Simon Rowbotham’s slipped-hand chocolate whisky terrine with curly tuiles

About eight of Tried and Supplied founder, Domini Hogg’s delightful university chums came to Sardinia. Producing meals for 12 twice a day single-handed wouldn’t have given me time to enjoy them so I divided them into pairs, and got them to take turns.

Simon Rowbotham entered into the spirit of this with true gusto…I can’t remember now who his allocated partner was, mostly because, in practice, he always seemed to have at least two or three helpers.

When it came to alcohol his philosophy was to be generous-hearted. Noticing my raised eyebrow looking at the puddling golden liquid added to the melted chocolate, he explained apologetically, “my hand slipped”….

And when it came to the eating the unanimous verdict was that it was a very good thing that it had!

The terrine will keep well in the freezer, but it won’t freeze hard thanks to the alcohol content. This is also not a dish for lunch outside on a hot day. Because it is soft, and very rich, it pairs well with the tuiles which offer a textural contrast.

The tuiles use the egg whites not needed in the terrine, so you need to take care when you separate the eggs, not to let any yolk get into the whites.

NB: the terrine needs to be firmed up in the freezer overnight (or, for at least three hours).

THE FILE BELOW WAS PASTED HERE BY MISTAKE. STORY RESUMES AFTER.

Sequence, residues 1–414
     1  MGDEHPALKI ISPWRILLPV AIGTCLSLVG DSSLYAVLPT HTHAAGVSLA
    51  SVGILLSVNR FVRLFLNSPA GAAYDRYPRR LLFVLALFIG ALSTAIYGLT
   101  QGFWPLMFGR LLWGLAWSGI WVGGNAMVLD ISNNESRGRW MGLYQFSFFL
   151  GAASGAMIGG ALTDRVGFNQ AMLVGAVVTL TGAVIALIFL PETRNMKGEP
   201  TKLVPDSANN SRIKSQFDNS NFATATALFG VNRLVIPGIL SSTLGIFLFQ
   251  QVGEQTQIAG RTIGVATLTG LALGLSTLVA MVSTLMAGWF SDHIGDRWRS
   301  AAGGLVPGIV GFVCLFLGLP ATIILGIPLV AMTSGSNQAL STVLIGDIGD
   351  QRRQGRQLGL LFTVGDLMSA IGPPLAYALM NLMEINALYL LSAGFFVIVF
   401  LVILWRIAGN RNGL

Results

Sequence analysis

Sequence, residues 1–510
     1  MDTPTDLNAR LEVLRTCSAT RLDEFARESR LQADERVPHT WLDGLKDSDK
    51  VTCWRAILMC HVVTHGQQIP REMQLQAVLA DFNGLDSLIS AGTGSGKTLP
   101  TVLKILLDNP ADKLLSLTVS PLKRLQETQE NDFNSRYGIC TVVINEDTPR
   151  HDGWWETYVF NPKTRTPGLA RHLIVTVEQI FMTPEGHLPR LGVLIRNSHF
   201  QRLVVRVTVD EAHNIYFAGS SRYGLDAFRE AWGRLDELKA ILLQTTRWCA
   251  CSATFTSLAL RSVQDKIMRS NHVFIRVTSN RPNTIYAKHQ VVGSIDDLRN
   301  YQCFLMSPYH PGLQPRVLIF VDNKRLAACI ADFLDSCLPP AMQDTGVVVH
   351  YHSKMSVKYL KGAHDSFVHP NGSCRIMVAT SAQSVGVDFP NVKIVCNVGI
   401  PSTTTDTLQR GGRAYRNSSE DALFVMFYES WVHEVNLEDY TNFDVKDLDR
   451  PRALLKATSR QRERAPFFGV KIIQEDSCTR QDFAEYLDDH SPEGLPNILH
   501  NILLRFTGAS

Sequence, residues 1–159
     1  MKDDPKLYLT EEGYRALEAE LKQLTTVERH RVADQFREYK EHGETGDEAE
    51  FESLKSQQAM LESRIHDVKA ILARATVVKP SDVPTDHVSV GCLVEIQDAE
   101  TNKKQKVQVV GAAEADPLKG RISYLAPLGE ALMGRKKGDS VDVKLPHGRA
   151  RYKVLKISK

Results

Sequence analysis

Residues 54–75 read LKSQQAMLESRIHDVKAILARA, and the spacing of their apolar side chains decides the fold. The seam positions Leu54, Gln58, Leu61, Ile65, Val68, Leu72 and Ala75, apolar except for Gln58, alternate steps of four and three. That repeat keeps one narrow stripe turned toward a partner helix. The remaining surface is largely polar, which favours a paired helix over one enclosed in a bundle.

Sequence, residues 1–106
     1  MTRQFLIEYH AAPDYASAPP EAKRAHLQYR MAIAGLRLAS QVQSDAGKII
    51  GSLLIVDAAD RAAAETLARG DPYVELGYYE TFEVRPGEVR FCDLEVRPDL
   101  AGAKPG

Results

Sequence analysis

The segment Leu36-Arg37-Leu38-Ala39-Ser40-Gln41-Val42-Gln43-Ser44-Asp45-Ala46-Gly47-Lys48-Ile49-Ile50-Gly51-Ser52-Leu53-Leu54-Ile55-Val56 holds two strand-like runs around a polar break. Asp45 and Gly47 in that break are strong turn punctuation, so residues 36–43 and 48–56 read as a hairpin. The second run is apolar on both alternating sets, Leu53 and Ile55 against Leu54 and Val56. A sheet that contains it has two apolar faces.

Simon Rowbotham’s slipped-hand chocolate whisky terrine with curly tuiles

Serves about 16 (you may well have some tuiles left over)

Ingredients for the terrine

  • 250g/9 oz good quality dark chocolate
  • 50g/2 oz unsalted butter, room temperature
  • 4 egg yolks
  • 320 ml/1⅓ cups double cream
  • 2 tsps vanilla paste
  • 4 tbsps whisky – not your best

Ingredients for the tuiles

  • 100g/4 oz butter
  • 4 egg whites
  • 200g/1 generous cup golden caster sugar
  • 100g/¾ cup plain flour
  • 1 tsp ground cinnamon
  • 1 tsp ground allspice


  1. Line a small loaf tin with cling film, leaving enough extra cling film to fold over the top.
  2. Melt the chocolate in a bain marie (or in a heatproof bowl over a saucepan of simmering water – the bottom of the bowl should not touch the water). Allow to cool.
  3. Mix in the butter. Then mix in the egg yolks. Stir in the whisky.
  4. Put the cream and vanilla paste into a large mixing bowl. Whisk until thick, but not stiff as a board! Using a metal spoon fold in the chocolate mixture.
  5. Pour into the lined loaf tin, cover with the extra cling film, and freeze overnight.
  6. Then make the tuiles. Preheat the oven to 180°C. Melt the butter and leave to cool a little.
  7. Whisk the egg whites until stiff, then fold in the sugar, the butter, the flour, and the spices.
  8. Grease a dressing bottle, or a small rolling pin. Line baking trays with silicone paper. Put a tablespoon of the mixture onto the surface, allow to thin out and spread. Bake in batches – about five minutes each batch – they should be golden, just turning a little darker around the edges. WARNING – these can burn easily so watch them… take a look after three or four minutes.
  9. Take the tuiles out of the oven, and immediately wrap around the greased bottle or rolling pin. When they’ve cooled a little take then off whatever mould you’re using and put them on a wire rack.
  10. If some of the tuiles have cooled before you’ve had a chance to mould them, return to the oven for a moment or so. Store in an airtight container until you are ready to serve with the terrine.
chocolate terrine
Simon Rowbotham entering into the spirit of the cooking…
This post is, of course, dedicated to Simon Robotham.
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